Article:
Architect Shares His Experience Using Mashups in the Enterprise

Loraine Lawson

This weekend, I listened to a TechTarget podcast interview with Michael Ogrinz, author of "Mashup Patterns: Designs and Examples for the Modern Enterprise." The title of the podcast, "Enterprise Mashup Patterns Can Make Data Integration Easier," naturally had caught my attention, but what actually stood out the most to me during the discussion wasn't about integration specifically.


Instead, I was taken by Ogrinz's own experience with mashups.


Ogrinz is a an enterprise architect, specifically a principal architect for global markets at one of the world's largest financial institutions. He encountered a company demonstrating its mashup tool at a conference, but the presentation focused largely on its use with Web data and tools. After seeing the sales pitch, he told the reps they should give his company the $100,000 tool for free because it would never be able to use the tool.


Ah, but the universe has a way of making us eat our own words, doesn't it?


When he returned to work, he kept thinking about mashups. Soon, he realized he could use mashups inside the enterprise to address many of those persistent, unaddressed problems that, viewed as conventional IT projects, were too big, too expensive or too darn technically hard to justify:


All of a sudden when I realized there was a new set of tools that could address these unmet problems, then I started seeing potential for mashups everywhere. All these things over the years that I thought there was no way to extend an existing system without the original developers involved, or there's no way to add an RSS feed to an system unless you have the source code for it, there's no way to change its interface, there's no way to fix a bug unless you have access to the original developer.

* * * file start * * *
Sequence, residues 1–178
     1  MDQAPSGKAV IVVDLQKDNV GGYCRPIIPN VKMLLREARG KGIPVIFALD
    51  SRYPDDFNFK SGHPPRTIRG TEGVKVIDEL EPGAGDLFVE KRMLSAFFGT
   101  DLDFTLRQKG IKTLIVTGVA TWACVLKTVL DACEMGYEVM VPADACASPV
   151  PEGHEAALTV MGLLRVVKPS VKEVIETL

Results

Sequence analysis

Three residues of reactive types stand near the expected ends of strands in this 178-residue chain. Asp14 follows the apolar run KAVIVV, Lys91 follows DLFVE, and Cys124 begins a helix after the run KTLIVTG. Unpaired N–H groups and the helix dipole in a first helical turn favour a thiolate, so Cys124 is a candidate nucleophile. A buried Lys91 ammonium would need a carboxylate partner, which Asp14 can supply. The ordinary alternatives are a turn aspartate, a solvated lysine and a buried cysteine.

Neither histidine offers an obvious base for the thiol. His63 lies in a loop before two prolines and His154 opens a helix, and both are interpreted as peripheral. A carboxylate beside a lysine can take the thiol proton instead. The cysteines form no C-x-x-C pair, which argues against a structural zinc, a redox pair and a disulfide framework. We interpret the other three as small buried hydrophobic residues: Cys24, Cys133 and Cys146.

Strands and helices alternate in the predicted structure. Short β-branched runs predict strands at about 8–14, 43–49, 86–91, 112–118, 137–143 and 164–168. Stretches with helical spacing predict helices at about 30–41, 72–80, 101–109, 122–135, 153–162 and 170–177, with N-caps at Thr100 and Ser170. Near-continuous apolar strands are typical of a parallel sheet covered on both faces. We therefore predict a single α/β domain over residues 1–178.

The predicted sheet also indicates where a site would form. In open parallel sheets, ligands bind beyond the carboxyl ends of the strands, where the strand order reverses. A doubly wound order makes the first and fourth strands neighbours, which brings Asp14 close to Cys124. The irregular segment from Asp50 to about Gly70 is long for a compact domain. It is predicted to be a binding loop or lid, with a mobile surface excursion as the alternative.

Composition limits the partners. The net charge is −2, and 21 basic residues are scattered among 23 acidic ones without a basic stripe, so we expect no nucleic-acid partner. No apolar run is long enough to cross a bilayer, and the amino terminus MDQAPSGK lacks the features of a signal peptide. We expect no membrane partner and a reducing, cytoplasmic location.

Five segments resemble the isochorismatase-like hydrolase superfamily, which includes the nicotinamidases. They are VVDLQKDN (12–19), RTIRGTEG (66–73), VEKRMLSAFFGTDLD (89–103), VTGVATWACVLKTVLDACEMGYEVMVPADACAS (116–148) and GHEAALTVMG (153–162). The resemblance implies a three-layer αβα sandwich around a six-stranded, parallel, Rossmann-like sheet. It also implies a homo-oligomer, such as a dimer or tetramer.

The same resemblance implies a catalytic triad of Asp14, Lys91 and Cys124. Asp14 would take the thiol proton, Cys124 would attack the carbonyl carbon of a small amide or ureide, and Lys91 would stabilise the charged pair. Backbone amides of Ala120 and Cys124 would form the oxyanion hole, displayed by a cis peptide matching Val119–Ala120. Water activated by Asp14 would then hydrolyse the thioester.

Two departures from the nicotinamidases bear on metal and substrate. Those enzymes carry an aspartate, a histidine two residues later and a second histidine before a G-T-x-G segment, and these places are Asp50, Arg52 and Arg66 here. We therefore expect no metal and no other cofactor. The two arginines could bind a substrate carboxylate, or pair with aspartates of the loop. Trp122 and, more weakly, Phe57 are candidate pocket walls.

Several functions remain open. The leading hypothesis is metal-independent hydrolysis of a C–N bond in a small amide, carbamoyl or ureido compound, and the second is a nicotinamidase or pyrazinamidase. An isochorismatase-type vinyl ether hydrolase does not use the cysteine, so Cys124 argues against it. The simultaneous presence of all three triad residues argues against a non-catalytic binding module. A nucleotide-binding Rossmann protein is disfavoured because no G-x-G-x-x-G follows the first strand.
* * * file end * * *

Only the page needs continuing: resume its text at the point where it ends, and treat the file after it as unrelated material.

This is what caught my attention. After all, I'd explored before about <strong>how mashups could be used for simple data integration</strong>.I'd even read a previous argument by Ogrinz that mashups would replace portals-a position he actually backs down from in this interview. But much of what I had read focused more on mashups as a way to get those pesky little projects done that otherwise weren't worth doing.


This is the first time I've seen something that really positions mashups as a means of addressing enterprise IT problems that had, using conventional approaches, simply been too hard or too expensive to tackle.


Another interesting topic discussed in the podcast is that the mashup tools are very proprietary, even tools that rely on Javascript. In some cases, he notes, you're essentially buying a miniature application server where the mashups are built, hosted and delivered. Obviously, this leads to concerns about portability and vendor lock-in, although Ogrinz does add that he thinks vendors are working on changing this.


The good news, though, is that the tools vary so much, there's probably a tool that can fit your organization's needs and budget, he says.


Data mining remains a low-hanging fruit for using mashups-a way to realize a quick ROI and justify the expense, according to Ogrinz, whose book offers a lot of data-mining mashup patterns. As he explains it, he's not offering technical patterns, but rather 34 business-focused, non-technical patterns where mashups can provide tools.


The interview includes a link to a sample chapter of Ogrinz's book. Unfortunately, it's a bit of a challenge to read due to some weird formatting issues, which I hope are caused by some issue with my version of Adobe Reader. It's 51 pages in all, but that's with huge spaces and gaps. For my money, the best stuff started on page 13.

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